I drink coffee and listen to stories of resilience. I hold the hands of people going to long overdue dentist appointments. I help people obtain their birth certificate so they can open a bank account, apply for a job, get photo ID, or vote.
These tasks may not seem like they have anything to do with HIV, or National Testing Week, but they help build the foundation of looking after responsibilities we may find routine, but which for many are overwhelming barriers.
I get creative and am never bored.
I talk about wants, needs, and priorities. I fill out paperwork with people who have low literacy or simply cannot see the small print. I meet people in crisis and try to help them make sense of their chaos. I celebrate the little victories even if they are surrounded by multiple setbacks. I help people figure out what hoops they need to jump through and cheer them on while they jump. I get frustrated with policies designed for the benefit of the majority but which fail others in many ways.
I bite my tongue more often than not.
I’ve sat with someone and encouraged them to keep breathing while we waited for what was ultimately a positive HIV test. I put my values aside and do things that are difficult to explain but are making a difference. I celebrate when people are willing to call detox and are lucky enough to get a bed, and then struggle to find them a ride to the city.
I plant community gardens, not because I have any idea what I am doing, but because as I weed and spend time with clients, we learn to be patient with change and with carrots. I have a “deceased” folder in my filing cabinet of clients who will not get the chance to recover.
I cry with people. But I also laugh with people.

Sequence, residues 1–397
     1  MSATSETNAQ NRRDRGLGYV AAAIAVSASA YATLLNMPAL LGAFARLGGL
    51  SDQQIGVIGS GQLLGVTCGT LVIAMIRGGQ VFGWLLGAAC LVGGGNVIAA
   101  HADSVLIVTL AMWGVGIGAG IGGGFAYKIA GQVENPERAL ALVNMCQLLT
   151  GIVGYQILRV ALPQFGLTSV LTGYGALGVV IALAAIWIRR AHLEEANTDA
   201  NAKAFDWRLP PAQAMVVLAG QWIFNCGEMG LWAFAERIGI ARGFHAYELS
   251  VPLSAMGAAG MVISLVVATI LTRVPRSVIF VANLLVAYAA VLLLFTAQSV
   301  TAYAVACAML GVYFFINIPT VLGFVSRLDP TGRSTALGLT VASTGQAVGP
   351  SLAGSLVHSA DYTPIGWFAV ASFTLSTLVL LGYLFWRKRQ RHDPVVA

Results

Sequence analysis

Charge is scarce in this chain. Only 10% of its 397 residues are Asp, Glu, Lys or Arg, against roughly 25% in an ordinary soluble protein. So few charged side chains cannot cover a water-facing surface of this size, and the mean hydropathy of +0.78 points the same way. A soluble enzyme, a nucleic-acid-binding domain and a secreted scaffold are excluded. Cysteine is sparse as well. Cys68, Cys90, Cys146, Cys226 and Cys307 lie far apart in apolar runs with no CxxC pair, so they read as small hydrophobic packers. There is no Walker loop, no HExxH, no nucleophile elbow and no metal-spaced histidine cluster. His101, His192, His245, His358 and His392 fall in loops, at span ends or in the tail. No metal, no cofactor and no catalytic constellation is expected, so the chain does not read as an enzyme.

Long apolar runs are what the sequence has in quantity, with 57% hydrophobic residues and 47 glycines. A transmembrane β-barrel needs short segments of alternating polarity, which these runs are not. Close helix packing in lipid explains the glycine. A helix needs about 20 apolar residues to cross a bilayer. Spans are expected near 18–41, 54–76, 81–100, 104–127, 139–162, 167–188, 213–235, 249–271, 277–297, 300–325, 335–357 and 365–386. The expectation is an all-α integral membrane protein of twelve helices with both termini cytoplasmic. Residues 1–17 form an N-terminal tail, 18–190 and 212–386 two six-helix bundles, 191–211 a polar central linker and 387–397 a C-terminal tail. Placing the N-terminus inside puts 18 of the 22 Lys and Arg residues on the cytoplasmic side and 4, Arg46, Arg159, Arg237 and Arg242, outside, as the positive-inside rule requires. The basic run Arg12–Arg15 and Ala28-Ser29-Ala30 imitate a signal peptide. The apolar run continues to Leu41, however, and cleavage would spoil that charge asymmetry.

I blush as I say the words blood, breastmilk, semen, vaginal and anal fluid to grade 9 to 12 students because I want them to know how HIV can be spread and that it’s okay to talk about these things, even when it makes us blush.
I attend flu clinics and health fairs where people actively avoid me like I am trying to get them to sign up for a credit card. I repeat the phrase “everyone has a status, you are either positive or negative, and until you know, you cannot know, so just get tested” to anyone who will listen and do an inner happy dance when I see the wheels turning. Let’s be honest, I do a real dance sometimes as well!
I remind people this is not about “us” and “them” but that it’s important we advocate for our own health and get tested.
With treatment, HIV no longer leads to AIDS. Medication puts the virus to sleep, making it undetectable and untransmittable. I have held a healthy HIV negative baby born to healthy HIV positive mother. I aspire to keep sharing with anyone who will listen, because I believe one day there will be a cure for HIV. I try to decrease the debilitating stigma of HIV in hopes to remove some of the many barriers my clients face, simply because of a diagnosis. If you are ever diagnosed with HIV, I will be in your corner.
What can each of us do? To quote St. Francis of Assisi, “Start by doing what's necessary, then what's possible; and suddenly you are doing the impossible.”
This year for National HIV Testing Week, I challenge you to begin with what’s necessary, by educating yourself about the HIV of today, not relying on information from your youth.
Then do what is possible by getting tested. Ask for it to be added to your next blood work requisition or call your local public health office. Then we will be doing the impossible because the HIV stigma will fade away and testing will be seen as routine.
Me? Until we’re at that point I’ll keep going, one coffee at a time, one application at a time, one phone call at a time, one presentation at a time, and one client at a time.
Society for the Involvement of Good Neighbours
83 North St. Yorkton SK S3N 0G9 | Tel 306-783-9409 | Fax 306-786-7116